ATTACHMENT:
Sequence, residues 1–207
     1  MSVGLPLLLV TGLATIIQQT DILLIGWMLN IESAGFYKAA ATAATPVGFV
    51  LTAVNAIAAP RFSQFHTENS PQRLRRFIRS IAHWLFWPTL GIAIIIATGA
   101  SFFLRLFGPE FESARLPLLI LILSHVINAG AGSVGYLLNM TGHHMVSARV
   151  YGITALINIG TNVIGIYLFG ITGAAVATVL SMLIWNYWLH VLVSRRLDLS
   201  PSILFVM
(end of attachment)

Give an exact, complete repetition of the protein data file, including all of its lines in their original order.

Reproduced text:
Sequence, residues 1–207
     1  MSVGLPLLLV TGLATIIQQT DILLIGWMLN IESAGFYKAA ATAATPVGFV
    51  LTAVNAIAAP RFSQFHTENS PQRLRRFIRS IAHWLFWPTL GIAIIIATGA
   101  SFFLRLFGPE FESARLPLLI LILSHVINAG AGSVGYLLNM TGHHMVSARV
   151  YGITALINIG TNVIGIYLFG ITGAAVATVL SMLIWNYWLH VLVSRRLDLS
   201  PSILFVM